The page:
Hydroceles, Spermatoceles & Epididymal Cysts


There are several conditions that can cause swelling in the male scrotum. While cancer is understandably a concern, it is relatively rare in comparison to the common development benign swellings, including hydroceles and spermatoceles. These are too similar conditions of fluid swelling in the scrotum. A hydrocele is simply the development of serum fluid accumulation in a potential space in the scrotum called the tunica vaginalis [a vestigial structure as a remnant left from embryological development]. A spermatocele [also called an epididymal cyst] is a fluid swelling above or behind the testicle as a result of the development a cystic swelling from the rete testis.  


Usually these cystic swellings occur without obvious cause. A hydrocele can occur after scrotal trauma or inflammation. In children, a hydrocele usually occurs when the processus vaginalis fails to close off and atrophy. This is what is termed a "communicating hydrocele" and it is only relevant in that it requires a slightly different surgical approach for correction. A spermatocele is also usually of no clear cause but can perhaps occur slightly more common in men who've undergone previous vasectomy.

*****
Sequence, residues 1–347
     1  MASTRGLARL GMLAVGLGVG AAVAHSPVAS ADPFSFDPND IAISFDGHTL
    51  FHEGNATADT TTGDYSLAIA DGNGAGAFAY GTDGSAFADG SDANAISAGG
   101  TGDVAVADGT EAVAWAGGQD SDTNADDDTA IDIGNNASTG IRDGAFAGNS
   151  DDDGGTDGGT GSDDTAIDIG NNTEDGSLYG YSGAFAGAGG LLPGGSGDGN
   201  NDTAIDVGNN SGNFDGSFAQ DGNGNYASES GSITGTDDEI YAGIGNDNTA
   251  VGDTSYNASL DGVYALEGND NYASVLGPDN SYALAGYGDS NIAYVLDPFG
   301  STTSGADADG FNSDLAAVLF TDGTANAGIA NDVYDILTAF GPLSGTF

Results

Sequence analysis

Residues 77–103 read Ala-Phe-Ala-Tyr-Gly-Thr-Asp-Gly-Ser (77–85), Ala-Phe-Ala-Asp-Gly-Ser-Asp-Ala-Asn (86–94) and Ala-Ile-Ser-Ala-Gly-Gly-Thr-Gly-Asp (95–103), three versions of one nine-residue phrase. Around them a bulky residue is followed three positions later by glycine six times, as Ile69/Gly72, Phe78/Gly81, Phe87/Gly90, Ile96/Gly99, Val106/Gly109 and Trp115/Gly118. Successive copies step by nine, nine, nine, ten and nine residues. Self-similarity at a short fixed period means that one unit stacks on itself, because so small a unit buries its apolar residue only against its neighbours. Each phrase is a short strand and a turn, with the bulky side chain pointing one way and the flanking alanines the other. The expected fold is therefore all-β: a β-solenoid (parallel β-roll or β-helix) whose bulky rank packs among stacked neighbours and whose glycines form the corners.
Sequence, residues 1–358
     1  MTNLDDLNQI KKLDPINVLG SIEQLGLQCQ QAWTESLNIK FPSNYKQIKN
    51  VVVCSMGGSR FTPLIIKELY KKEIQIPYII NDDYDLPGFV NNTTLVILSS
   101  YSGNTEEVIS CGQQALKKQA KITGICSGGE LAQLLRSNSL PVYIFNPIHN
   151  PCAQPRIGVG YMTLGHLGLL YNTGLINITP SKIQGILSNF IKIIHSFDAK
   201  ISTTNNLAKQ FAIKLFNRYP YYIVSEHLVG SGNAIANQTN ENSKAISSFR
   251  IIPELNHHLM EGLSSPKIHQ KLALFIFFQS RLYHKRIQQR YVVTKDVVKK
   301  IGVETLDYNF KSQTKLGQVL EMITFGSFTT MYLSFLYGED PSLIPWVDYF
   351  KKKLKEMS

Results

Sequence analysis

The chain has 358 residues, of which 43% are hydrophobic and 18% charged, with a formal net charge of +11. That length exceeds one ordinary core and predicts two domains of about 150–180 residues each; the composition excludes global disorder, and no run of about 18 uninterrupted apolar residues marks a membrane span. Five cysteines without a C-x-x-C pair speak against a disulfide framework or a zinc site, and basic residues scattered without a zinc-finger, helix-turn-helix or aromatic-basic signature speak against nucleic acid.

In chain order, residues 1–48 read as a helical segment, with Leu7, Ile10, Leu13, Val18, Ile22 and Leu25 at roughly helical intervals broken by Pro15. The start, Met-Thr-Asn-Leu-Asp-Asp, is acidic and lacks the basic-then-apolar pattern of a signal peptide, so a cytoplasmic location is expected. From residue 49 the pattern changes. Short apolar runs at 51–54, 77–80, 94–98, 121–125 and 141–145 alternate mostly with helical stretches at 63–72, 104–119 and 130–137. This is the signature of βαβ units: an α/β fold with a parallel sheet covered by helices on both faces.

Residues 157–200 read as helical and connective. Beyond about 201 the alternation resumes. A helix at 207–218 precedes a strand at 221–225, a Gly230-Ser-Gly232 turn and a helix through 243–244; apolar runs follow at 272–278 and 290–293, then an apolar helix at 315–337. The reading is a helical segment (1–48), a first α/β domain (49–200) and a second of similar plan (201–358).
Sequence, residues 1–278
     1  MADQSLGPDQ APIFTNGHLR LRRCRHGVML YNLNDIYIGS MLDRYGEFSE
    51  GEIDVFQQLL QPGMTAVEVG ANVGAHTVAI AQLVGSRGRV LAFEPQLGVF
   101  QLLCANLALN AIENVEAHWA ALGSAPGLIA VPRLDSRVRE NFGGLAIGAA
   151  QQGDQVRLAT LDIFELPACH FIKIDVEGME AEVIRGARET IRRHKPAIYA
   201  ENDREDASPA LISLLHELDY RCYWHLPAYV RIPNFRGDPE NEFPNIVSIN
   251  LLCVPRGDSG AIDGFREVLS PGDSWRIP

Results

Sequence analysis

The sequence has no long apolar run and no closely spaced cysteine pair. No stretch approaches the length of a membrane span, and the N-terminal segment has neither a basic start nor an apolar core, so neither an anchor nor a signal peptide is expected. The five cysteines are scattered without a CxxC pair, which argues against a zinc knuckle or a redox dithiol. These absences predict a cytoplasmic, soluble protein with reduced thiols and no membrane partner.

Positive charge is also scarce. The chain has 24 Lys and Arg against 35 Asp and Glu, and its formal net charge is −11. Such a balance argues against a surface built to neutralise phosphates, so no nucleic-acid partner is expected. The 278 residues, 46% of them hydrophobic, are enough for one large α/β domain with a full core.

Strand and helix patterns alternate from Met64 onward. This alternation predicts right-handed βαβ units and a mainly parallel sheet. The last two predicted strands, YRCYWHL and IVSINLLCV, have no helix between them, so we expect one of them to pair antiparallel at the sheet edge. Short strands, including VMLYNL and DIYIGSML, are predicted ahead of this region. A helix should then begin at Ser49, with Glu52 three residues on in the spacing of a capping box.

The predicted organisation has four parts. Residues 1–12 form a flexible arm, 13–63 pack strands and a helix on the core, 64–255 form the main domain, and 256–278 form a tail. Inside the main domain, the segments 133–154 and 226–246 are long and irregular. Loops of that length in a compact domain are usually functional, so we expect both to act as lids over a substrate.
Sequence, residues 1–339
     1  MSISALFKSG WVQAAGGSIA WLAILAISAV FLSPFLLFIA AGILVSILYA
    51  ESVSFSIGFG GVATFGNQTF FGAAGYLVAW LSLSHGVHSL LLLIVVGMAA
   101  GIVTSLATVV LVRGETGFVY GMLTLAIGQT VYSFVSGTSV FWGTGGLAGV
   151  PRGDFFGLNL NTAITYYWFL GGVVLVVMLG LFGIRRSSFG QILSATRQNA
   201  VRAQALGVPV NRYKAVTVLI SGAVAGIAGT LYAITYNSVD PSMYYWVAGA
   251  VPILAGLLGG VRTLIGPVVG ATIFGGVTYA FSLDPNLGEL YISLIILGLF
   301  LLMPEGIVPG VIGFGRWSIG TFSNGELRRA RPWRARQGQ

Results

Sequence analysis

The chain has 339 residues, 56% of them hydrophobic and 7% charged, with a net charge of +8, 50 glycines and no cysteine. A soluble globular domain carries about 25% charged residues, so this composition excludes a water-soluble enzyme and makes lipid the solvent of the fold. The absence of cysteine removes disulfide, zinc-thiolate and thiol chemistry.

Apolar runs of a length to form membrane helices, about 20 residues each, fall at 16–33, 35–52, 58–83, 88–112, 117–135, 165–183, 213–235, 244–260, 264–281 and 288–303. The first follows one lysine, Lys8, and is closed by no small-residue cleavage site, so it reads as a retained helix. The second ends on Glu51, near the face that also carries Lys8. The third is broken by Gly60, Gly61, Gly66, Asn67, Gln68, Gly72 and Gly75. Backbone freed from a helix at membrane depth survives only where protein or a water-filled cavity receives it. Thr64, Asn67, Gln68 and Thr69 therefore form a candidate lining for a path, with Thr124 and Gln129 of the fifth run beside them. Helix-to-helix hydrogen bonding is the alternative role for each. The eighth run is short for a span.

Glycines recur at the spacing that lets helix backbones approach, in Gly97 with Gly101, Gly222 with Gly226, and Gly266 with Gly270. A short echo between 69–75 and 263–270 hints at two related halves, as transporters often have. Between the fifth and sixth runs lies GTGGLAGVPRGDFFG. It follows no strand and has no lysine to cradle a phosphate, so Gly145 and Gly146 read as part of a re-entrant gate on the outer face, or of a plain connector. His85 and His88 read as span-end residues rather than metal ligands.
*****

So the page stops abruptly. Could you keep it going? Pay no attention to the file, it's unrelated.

Diagnosis & Evaulation

The diagnosis is usually made on the basis of history and physical examination, including transillumination which is a maneuver during examination where a light source is shined through the scrotal skin to see if the swelling "lights up" i.e. transilluminates which indicates that it is a fluid swelling and not a solid mass. Usually ultrasound is ordered for confirmation.



Hydroceles and spermatoceles are completely benign and nonthreatening. Smaller sized lesions or usually left alone. The only definitive option for treatment is surgical excision, and this is usually only performed if the swelling is large enough that it is causing sufficient bother because of size or discomfort. The surgical approach is performed as a daycare procedure under an anesthetic where a scrotal incision is made to access the swelling and remove it. Risks include infection, bleeding, pain and recurrence [in the order of 5-10%]. Your urologist will discuss with you treatment options including surgery.


On the Web

General Urology Websites

Canadian Urological Association  Extenstive library of downloadable pamphlets on a wide range of urological conditions

Cleveland Clinic

Mayo Clinic

Medline Plus Produced by the US National Institutes of Health with information on virtually every health topic and extensive list of links

UrologyHealth.org The patient information site of the American Urological Association.